Terminal introduction workshop

From Hackers & Designers
(Redirected from Terminal)
Jump to: navigation, search
MainNavigation No

Terminal is the Mac OS X command line app for controlling the system via a text based interface, instead of the traditional graphical interface.

Put a list of commands here.

How Terminal works

A graphical representation of the Terminal processes.
The standard streams for input, output, and error.

In it's most simple terms, the Terminal operates on a series of Inputs and Outputs. You input one command into the terminal, and it'll pass the data through the programmed function before outputting you the result.

By stringing (aka. piping) commands together, you can take the results of an Output and manipulate it further before presenting the completed Output to the user.

For example, a user could use banner to create an ASCII glyph, save it to a file and then lp (local print) to print a file. By stringing them together however, the user can take the direct result from the banner command and then send that directly on to the printer, without having to deal with the intermediate file manipulation.

Using the Terminal has many advantages over the typical desktop GUI (Graphical User Interface) you're likely accustomed to. Using command line can allow you to write scripts to automate tasks, combine and string simple commands together and manipulate file contents, all from within the Terminal.

Terminal Basics

Main Aricle: Terminal Basics

List of Common Terminal commands and syntax

Input Command
Up Arrow Key Cycle through command history.
Tab Autocomplete command.
ls List all files in directory.
cd Change current directory.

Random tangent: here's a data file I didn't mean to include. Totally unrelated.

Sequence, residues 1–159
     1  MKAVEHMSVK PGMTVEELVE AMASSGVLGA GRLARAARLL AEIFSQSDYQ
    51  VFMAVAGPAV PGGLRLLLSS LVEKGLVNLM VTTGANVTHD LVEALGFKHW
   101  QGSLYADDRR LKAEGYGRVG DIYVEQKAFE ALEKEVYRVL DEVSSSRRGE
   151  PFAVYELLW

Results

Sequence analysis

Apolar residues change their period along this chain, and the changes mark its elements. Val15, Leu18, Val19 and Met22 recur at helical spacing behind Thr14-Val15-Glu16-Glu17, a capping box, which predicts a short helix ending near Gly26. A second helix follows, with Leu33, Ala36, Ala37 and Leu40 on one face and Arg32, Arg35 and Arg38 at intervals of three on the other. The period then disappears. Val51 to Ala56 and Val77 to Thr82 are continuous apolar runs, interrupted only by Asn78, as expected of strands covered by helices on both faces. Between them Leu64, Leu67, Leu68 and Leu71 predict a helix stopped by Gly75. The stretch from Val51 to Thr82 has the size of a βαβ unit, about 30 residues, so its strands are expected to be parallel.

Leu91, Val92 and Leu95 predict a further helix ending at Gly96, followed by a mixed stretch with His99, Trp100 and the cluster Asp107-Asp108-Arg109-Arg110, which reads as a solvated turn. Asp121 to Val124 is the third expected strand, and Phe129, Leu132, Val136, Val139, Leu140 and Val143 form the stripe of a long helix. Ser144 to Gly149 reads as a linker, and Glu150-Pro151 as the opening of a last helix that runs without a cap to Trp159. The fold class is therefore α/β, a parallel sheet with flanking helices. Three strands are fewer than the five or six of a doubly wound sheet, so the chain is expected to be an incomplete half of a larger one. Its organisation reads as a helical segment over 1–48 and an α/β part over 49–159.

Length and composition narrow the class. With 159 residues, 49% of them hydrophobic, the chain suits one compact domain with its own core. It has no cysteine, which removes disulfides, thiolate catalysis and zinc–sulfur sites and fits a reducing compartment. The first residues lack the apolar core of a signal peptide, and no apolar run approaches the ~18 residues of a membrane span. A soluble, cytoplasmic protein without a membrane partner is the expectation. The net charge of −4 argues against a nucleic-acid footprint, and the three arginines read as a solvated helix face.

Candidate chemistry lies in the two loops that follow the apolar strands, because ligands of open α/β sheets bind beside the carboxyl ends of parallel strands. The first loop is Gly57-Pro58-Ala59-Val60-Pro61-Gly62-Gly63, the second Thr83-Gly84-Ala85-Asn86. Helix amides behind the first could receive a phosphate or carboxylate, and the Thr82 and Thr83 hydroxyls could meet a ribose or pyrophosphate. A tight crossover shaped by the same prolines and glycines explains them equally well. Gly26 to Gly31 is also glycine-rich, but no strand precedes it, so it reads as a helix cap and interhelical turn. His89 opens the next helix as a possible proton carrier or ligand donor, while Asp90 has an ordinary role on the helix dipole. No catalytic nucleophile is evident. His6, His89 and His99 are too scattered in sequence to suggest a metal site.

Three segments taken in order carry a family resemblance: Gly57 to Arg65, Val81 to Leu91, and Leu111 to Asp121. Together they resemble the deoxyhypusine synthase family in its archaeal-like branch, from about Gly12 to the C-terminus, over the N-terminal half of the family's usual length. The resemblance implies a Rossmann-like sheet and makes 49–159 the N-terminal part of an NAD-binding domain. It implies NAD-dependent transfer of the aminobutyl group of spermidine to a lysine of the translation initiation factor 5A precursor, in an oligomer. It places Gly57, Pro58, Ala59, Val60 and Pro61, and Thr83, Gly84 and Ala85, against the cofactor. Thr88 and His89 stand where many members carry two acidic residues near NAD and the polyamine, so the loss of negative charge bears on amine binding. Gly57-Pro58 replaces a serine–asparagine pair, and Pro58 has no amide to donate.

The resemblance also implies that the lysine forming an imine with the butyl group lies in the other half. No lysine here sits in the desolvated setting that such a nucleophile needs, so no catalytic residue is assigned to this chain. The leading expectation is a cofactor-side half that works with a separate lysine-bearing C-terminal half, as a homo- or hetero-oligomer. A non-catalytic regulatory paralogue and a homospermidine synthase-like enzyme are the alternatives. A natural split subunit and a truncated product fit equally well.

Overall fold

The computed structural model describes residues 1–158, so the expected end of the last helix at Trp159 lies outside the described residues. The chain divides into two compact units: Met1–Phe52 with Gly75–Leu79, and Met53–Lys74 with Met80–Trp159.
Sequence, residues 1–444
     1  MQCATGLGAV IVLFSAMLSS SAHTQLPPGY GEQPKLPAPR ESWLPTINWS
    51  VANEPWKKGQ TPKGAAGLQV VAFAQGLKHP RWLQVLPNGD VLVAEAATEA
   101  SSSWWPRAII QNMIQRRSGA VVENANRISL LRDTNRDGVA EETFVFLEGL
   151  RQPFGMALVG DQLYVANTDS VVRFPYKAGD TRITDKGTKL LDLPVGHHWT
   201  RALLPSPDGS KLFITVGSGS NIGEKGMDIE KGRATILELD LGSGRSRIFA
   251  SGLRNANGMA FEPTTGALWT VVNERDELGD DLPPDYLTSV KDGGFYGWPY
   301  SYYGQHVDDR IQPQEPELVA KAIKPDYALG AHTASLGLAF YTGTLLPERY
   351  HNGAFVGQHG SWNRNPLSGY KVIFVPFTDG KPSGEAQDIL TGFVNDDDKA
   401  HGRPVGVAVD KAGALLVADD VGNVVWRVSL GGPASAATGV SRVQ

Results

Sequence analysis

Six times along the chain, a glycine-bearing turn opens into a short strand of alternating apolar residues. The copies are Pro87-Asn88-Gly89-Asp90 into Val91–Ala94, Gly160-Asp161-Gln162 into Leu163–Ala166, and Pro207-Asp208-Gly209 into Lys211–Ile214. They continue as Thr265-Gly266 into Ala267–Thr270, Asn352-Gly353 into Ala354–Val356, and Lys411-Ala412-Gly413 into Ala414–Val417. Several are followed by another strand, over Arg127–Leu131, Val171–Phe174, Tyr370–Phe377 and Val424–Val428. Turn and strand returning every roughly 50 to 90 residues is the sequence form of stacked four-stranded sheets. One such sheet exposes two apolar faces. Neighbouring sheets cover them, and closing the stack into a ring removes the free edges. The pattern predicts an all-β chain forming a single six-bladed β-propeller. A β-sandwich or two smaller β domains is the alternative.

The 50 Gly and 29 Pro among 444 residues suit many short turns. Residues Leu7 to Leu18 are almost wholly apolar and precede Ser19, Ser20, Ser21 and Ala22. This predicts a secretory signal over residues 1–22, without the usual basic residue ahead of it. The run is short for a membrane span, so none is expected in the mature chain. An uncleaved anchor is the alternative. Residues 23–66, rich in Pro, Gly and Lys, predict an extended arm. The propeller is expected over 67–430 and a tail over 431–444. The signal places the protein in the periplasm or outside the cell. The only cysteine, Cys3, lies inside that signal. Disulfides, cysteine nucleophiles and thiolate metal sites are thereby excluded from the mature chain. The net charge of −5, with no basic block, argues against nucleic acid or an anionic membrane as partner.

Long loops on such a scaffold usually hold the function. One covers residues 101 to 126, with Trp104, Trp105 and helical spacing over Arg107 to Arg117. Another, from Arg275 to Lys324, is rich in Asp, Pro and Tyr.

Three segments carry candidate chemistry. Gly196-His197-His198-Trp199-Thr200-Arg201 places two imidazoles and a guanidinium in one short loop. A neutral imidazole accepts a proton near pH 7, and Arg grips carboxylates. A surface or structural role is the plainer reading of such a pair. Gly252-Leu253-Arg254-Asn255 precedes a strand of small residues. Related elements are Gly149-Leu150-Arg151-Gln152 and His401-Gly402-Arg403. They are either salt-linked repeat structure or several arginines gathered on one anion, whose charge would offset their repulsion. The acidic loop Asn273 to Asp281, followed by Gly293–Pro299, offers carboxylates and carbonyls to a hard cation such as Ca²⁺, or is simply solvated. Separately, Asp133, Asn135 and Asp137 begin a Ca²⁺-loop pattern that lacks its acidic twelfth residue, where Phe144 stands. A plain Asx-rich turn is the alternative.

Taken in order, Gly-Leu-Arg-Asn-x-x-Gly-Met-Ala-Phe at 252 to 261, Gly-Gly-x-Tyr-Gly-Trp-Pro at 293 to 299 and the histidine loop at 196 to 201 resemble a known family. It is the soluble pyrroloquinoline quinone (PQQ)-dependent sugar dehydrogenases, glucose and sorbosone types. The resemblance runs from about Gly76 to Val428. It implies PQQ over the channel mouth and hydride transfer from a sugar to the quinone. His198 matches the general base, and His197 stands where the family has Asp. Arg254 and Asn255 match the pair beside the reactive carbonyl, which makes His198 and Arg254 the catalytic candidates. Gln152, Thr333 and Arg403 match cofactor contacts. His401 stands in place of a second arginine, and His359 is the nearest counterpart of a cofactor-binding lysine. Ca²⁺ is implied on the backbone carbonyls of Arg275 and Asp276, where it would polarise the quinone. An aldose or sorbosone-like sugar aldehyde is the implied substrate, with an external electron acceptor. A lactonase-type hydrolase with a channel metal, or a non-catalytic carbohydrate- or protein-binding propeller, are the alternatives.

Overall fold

pwd Print current directory.
rm Delete file or directory.
. Within current directory.
.. Up one directory.
touch Create empty file within current directory.
mkdir Create empty directory within current directory.
sudo Run command with super-user security privileges.
ls List all files in directory.
ls -a List all files in directory, including hidden files.
ls -l Long format listing.
ls -t List all files and directories by order of date modified.
rm Delete directory/ file.
rm -r Delete directory and all child directories/ files.
cp Copy files.
touch Create empty file within current directory.
pwd Print working directory.
mkdir Make directory.
cd Change directory.
mv Move/ Rename file.
cat Print current contents of file.
> Take output from one command and insert to other.
>> Append to file. Left to right
Pipe. Used to string commands together.
grep Global regular expression print.

Terminal Workshop

Connect to the Correct Wifi (Hackers & Designers).

Login to the server.

$ ssh pi@10.1.1.1

Create a user for yourself.

$ sudo adduser [create a 1 word username, all lowercase]

Add a password, add your first name, skip the rest (return key)

Disconnect from the server.

$ exit

Reconnect to the server, this time as yourself.

ssh [username]@10.1.1.1

Ask the server who you are.

$ whoami

Put your user name into the public dump file for everyone to see.

$ whoami >> /pub/dump

Ask the server who else is online.

$ who

Start a conversation.

$ talk [some other user]@10.1.1.1

Figlet

$ figlet 'hello!'

Figlet for everyone!

$ figlet 'hello!' >> /pub/dump

Send someone an email. Read your email.

$ figlet 'hello!' | mail -s 'special message for you!' [some user name]
$ mail

Exit mail by typing "q".

Create a file.

$ touch myfile

Did it work?

$ ls

Read the file.

$ cat myfile

It's empty! Give it some content.

$ echo 'Blah blah blah' > myfile

Have another look.

$ cat myfile

Create some audio output, your user will need to be in the audio group, so listen up on how to do this!

$ espeak 'this will be said with audio'

Surprise!

$ cowsay hello!

Exit the server. Copy file from your laptop to the server.

$ exit

Select an actual jpg on your laptop, and copy it to the pi (note the ":" at the end).

$ scp [filename].jpg [username]@10.1.1.1:

The reverse also works by the way.

$ scp [username]@10.1.1.1:somefile.txt .

Re-connect to the server.

$ ssh [username]@10.1.1.1

Create ASCII art!

$ jp2a -i --width=80 ~/[the name of your jpg].jpg

Are there printers on the server?

$ lpstat -p -d

Print!

$ lp -d printer filename

Create a webserver

$ python -m SimpleHTTPServer 8000

Have fun!

List of ideas

echo 'my big secret' > /dev/null
dd if=/dev/zero of=/dev/hda bs=1M